File photo. Photograph:( Reuters )
Besides shared values, there are also shared interests. China is at the centre of it.
The United States and India are miles apart both figuratively and literally. Both countries are on different continents - yet there are some striking similarities.
Firstly, they are both democracies. They were both British colonies before Independence. They are both federations between the state and the Centre and they are both multi-ethnic yet strongly nationalistic.
Here's a Strenght, Weaknesses, Opportunities & Threat(SWOT) analysis on how the two countries compare.
Starting with the strengths, besides shared values, there are also shared interests. China is at the centre of it. For years, the US pursued India as a central partner to counter China's growing influence. India's potential to challenge China's rise is vast given its size and population. The United States has invested heavily in India both militarily and economically.
The trade and defence deals promised today to reaffirm it and both sides benefit equally. The population of India forms a huge consumer base for the US. It also provides the United States with manpower. India's excellence in information technology is unmatched. The tech giants like Google and Facebook welcome Indian engineers with open arms and Indian doctors help fulfil America's healthcare needs. The two countries are heavily interdependent.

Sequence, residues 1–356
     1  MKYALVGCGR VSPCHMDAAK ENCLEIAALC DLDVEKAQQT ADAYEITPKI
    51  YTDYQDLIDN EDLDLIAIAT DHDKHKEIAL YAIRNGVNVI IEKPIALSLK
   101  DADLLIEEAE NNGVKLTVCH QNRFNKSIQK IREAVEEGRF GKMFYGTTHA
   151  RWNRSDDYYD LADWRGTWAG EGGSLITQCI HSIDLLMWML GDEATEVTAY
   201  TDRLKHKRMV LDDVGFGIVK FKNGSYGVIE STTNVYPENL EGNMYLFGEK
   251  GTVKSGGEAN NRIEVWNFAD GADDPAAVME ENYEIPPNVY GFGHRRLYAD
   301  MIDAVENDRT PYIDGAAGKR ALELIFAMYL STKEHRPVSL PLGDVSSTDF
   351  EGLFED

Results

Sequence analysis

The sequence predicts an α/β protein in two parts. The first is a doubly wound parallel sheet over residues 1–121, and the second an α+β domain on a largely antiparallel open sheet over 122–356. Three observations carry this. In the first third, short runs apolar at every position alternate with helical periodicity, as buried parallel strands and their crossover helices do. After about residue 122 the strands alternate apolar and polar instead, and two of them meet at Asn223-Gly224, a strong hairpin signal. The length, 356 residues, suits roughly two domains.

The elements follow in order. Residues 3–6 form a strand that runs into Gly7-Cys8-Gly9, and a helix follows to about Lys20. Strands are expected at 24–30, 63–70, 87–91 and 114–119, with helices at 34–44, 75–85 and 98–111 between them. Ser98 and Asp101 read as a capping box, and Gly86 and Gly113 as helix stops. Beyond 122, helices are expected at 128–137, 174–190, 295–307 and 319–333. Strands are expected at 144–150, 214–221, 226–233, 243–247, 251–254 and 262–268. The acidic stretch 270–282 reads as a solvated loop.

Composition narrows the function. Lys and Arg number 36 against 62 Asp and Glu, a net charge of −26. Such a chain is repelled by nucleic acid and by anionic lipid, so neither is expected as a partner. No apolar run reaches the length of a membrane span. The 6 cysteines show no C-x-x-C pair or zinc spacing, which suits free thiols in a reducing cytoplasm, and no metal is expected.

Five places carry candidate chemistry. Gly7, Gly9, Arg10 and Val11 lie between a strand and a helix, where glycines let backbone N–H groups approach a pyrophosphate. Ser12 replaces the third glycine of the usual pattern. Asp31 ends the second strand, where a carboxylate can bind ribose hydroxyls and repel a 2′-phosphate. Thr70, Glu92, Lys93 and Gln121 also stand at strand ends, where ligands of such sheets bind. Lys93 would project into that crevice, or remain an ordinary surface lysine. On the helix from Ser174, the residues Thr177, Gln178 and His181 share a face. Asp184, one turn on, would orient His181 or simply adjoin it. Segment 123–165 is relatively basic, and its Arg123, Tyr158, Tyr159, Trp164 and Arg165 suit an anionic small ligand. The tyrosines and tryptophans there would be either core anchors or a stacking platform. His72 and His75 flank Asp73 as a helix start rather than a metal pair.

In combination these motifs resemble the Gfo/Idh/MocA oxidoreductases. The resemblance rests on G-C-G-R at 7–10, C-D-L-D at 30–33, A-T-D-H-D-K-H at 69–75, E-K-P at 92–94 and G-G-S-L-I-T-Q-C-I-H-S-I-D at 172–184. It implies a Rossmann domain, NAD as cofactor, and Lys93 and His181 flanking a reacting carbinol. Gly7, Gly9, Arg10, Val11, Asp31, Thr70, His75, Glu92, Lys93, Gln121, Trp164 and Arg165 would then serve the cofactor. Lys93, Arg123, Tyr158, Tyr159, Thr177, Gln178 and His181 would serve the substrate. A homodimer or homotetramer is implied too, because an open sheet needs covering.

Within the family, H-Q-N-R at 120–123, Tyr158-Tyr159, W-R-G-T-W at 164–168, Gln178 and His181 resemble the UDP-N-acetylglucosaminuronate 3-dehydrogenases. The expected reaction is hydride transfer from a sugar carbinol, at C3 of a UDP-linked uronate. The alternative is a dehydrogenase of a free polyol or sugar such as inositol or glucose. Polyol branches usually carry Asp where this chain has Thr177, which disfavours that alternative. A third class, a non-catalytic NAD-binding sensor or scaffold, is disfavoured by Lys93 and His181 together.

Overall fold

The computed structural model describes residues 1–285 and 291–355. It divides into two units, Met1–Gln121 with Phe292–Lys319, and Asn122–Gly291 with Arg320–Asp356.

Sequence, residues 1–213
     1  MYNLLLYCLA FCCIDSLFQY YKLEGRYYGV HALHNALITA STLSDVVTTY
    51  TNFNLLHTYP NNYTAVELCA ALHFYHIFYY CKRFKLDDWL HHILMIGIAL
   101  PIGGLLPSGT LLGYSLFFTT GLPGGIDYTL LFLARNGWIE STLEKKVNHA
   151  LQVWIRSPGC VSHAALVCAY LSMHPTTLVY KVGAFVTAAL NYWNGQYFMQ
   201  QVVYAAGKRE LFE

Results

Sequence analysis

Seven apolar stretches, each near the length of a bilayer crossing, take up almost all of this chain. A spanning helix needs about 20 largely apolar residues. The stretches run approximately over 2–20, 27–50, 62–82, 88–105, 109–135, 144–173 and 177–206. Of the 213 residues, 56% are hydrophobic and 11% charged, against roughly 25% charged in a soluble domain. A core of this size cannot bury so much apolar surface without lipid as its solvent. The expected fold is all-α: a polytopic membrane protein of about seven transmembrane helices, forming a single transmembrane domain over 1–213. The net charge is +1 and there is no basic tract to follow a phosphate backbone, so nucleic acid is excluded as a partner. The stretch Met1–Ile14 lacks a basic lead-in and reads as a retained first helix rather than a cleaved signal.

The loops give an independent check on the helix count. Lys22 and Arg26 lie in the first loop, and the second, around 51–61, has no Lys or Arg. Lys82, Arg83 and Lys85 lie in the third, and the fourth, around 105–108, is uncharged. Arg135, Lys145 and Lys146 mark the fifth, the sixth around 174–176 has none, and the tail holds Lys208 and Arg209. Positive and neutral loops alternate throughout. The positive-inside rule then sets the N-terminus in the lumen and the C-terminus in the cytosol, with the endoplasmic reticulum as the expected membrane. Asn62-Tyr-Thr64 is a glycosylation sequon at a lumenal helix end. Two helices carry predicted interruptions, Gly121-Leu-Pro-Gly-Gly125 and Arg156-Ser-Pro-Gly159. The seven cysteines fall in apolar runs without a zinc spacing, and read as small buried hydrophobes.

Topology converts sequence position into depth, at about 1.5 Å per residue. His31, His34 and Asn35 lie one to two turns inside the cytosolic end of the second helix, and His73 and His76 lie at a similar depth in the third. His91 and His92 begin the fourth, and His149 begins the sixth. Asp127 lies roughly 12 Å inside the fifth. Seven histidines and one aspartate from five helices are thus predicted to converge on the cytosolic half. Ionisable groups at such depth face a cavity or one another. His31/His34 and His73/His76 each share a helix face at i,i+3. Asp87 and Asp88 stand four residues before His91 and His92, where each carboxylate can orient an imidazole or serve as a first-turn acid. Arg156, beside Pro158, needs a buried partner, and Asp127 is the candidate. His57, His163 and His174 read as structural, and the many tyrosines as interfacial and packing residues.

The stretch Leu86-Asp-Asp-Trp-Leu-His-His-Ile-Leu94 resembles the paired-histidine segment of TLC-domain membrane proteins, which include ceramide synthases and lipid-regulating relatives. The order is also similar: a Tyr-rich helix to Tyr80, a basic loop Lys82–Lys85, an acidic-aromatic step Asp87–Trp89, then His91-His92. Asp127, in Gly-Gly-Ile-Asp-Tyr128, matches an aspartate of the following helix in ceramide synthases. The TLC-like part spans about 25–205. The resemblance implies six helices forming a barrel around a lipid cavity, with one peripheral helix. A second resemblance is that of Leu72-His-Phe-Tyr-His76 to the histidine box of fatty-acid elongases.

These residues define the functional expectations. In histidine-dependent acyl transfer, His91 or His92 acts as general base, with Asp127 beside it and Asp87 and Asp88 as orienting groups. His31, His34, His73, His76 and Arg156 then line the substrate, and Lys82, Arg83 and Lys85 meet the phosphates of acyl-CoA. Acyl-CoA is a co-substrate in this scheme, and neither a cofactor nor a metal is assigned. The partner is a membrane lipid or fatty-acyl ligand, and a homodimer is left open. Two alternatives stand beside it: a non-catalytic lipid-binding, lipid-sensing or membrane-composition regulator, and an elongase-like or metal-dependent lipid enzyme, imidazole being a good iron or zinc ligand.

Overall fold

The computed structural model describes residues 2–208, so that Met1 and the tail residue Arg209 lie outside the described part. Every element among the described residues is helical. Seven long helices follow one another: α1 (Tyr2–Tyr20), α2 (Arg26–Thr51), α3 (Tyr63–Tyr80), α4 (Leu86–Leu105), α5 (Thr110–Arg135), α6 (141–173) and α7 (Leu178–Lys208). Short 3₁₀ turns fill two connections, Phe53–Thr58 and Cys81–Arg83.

There are some stumbling blocks. There are ongoing trade issues which form the core of Trump's visit to India. There are disagreements on tariffs and foreign investment limitations. The Trump administration imposed new tariffs in 2018 on dozens of countries which includes India.
New Delhi has a list of retaliatory tariffs ready but has held off on applying them. From America's end - there's the issue of H1B visas ever since Trump took office on the back of anti-immigration rhetoric.
The US has consistently declined more visas to employees of Indian software exporters. The Indian I-T industry is bracing for delays in grant of work visas even this year. There's lack of clarity on the new registration process that kicks off in April.
Both countries have enormous potential to shape the geo-political scenario together and they are already working towards it. There's greater co-operation on global forums be it at the UNSC, the G-20 or the financial action task force(FATF).
The two countries have emboldened shared commitments in dealing with security issues of mutual interest.
Most of them arise from the Indian Ocean region. The power balance here is tilted heavily in China's favour and different alliances are taking place - there's also talk of a new Islamic front.
There's co-operation on neutralizing such security threats between the two countries but the United States is largely looking within which may be receding its global position. India too cannot only pursue issues of national interest.
It's a multi-polar world and the narrative in every country has gone global. The America First and India First foreign policy need to be allied to counter it.